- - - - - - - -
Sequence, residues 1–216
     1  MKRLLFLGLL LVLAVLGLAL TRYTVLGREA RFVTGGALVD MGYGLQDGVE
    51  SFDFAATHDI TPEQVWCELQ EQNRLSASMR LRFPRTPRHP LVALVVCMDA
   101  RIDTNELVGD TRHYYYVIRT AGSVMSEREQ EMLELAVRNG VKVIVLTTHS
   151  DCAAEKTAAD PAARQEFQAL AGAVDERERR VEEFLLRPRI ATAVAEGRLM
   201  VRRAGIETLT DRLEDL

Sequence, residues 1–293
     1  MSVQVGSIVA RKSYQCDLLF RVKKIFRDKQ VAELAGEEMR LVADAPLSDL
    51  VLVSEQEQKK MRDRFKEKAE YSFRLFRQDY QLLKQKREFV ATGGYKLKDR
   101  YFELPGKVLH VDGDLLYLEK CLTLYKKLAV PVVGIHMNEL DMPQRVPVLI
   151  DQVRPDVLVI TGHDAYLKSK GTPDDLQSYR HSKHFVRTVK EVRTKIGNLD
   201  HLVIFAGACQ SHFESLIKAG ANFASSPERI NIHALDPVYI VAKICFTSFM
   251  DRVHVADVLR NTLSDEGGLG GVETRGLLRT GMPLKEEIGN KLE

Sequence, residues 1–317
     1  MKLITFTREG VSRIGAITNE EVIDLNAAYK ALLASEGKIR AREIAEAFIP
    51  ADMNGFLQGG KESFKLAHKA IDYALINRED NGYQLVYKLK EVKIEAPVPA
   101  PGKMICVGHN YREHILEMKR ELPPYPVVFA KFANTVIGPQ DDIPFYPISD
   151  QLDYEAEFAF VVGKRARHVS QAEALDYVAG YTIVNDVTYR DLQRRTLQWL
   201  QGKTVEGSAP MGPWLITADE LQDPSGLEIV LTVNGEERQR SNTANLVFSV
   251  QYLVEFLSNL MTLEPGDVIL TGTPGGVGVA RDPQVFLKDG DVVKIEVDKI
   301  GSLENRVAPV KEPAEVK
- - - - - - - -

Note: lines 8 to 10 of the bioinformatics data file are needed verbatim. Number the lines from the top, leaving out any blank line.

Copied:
     1  MSVQVGSIVA RKSYQCDLLF RVKKIFRDKQ VAELAGEEMR LVADAPLSDL
    51  VLVSEQEQKK MRDRFKEKAE YSFRLFRQDY QLLKQKREFV ATGGYKLKDR
   101  YFELPGKVLH VDGDLLYLEK CLTLYKKLAV PVVGIHMNEL DMPQRVPVLI